This guide will give you all of the information you need on the word padoru, including its definition, usage, origin, and more!
What does padoru mean?
WordHippo states that the word padoru (パドル) is of Japanese origin, and means paddle. This is an onomatopoeic word that refers to the paddling sound that a paddle makes splashing in the water.
Know Your Meme states that the word doubled, “padoru padoru,” is a Japanese onomatopoeia that refers to the clip-clopping noise a reindeer’s hoof makes when it is trotting about. The word has been “meme-ified” and in American English, is commonly used by “weeaboos” or “weebs,” fans of Japanese anime and manga, as an exclamation around the holidays, according to Urban Dictionary.
The meme of the word padoru comes from the Japanese PlayStation Portable RPG (role-playing game) Fate/Extra. According to Fandom, the game was created by Type-Moon and Image Epoch, published by Marvelous Entertainment. Released in Japan in 2010 and worldwide in 2011, the game was released as part of Marvelous’ TYPE-MOONxRPG PROJECT. The game also has a manga adaptation illustrated by Robi~na and published by Kadokawa Shoten released from late 2011 to early 2014.
In the game, Nero Claudius sings a parody of the Japanese version of “Jingle Bells,” a popular Christmas song. Nero is one of three servants in the game. The character ends the song loudly yelling “Padoru padoru!” The lyrics to the song are below, written in Romaji. Romaji is when Japanese characters are spelled phonetically in Roman characters, according to Mondly.
Hashire sori yo
Kaze no you ni
In late 2011, a YouTube user ugroundz1 uploaded the sequence to the platform. Since its posting in December 2011, the video has garnered over 1.7 million views, with over 48,000 likes. From here, the meme spread, with others uploading the scene looped for an hour, like YouTube user Yung Bubby, or creating their own memes on social media sites like Twitter, Facebook, Reddit, and more.
What is onomatopoeia?
According to Literary Devices, onomatopoeia is a word that imitates the sound of something. The sound of the word itself mimics the sound of whatever it is describing, which makes the description expressive and more interesting.
Many onomatopoeic words have come to develop meanings of their own, like the word “whisper.” It is onomatopoeic in that it refers to wispy breathy sound of someone speaking quietly, but also is now used to describe the action itself of speaking softly.
Animal sounds are considered onomatopoeia, along with other natural or mechanic sounds, like the revving of an engine, the rustling of leaves on a tree, or the whooshing wind against one’s face.
Onomatopoeia is used frequently in literature and poetry to give rhythm to text, make descriptions more tangible and poetic, and to appeal to a reader’s senses, making it feel as though they are actually there. Famous authors and poets Alfred Lord Tennyson, William Shakespeare, Ernest Hemingway, and many others use onomatopoeia in their writing.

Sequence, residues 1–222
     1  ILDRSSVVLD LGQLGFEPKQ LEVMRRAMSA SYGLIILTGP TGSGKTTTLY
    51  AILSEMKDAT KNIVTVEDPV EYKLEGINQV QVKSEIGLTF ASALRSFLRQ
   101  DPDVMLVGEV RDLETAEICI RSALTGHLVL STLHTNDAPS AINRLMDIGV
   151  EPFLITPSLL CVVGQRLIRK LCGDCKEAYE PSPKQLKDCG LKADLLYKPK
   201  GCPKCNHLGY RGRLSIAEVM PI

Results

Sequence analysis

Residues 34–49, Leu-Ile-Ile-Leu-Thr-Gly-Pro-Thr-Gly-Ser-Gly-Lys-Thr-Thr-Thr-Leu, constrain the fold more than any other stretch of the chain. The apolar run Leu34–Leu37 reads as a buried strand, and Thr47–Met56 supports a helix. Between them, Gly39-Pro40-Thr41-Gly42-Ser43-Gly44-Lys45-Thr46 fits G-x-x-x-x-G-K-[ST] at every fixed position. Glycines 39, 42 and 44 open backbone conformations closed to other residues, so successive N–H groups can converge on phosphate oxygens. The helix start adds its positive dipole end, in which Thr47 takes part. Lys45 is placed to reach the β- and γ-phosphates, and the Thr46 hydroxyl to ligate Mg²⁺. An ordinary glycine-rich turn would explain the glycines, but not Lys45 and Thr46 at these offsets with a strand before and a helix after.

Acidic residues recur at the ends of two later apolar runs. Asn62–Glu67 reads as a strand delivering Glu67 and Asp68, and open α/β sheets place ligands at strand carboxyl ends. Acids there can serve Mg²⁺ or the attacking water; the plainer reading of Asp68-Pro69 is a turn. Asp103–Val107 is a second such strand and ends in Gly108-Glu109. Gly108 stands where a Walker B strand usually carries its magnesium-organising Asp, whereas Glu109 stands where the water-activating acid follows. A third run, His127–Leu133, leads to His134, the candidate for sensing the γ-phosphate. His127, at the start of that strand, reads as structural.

Onomatopoeia is similar to phanopoeia, in which one uses a word to describe the sense of something rather than it’s natural sounds. Oxford Dictionary defines phanopoeia as using words in poetry to suggest visual images. This is less on the nose that onomatopoeic sounds like crash, bang, or zoom. If someone was writing about a bee, they may use a lot of words that have a buzzing sound in them to suggest the feeling of a bee using phanopoeia.
How can the word padoru be used in a sentence?
Padoru may be used frequently by fans of Fate/Extra, particularly around the holidays. Self-proclaimed “weeaboos,” or fans of anime and manga, may use the phrase as a Christmas greeting similar to “Ho ho ho!”
Tyler and Anthony love watching anime together. Tyler knocks on Anthony’s door to deliver his Christmas present. Anthony opens the door.
Tyler: Padoru padoru!
Anthony: Merry Christmas!
Tyler: You too. I brought your present over!
Anthony: Thank you!
Here, Tyler uses padoru as an inside joke and silly holiday greeting with his friend. Next, Holly and Janie are attending a Christmas fair in their town. They decide to take a sleigh ride.
Holly: I live sleigh rides, they feel so magical when it’s snowing like this
Janie: I know! And I love the sounds of the reindeer feet on the pavement. Padoru padoru!
Holly: I know what you mean! I love that clip-clop sound.
Here, Janie is using the onomatopoeic version of the word to describe the sound of the reindeer hooves.
What are synonyms for the word padoru?
In English, the word padoru directly translates to “paddle.” Below are a list of synonyms for the word paddle from Thesaurus.
Since it is an onomatopoeic word, synonyms for the word padoru include any English onomatopoeic word for the sound a horse or reindeer’s hooves might make. A list of these words is below, from Merriam-Webster Thesaurus.
If the word is being used in the colloquial slang sense as a meaningless holiday greeting, any of the below may be considered synonyms:
- Season’s Greetings
- Merry Christmas
- Ho ho ho!
- Happy Holidays
- Deck The Halls
- Yuletide Greetings
- Feliz Navidad
- Good Tidings
Overall, the word padoru is a Japanese word that directly translates to the word paddle. Since its popularization from the videogame Fate/Extra, the word has come to stand for the sounds of reindeer hooves clip-clopping, and is used by fans of anime and manga as a silly holiday greeting.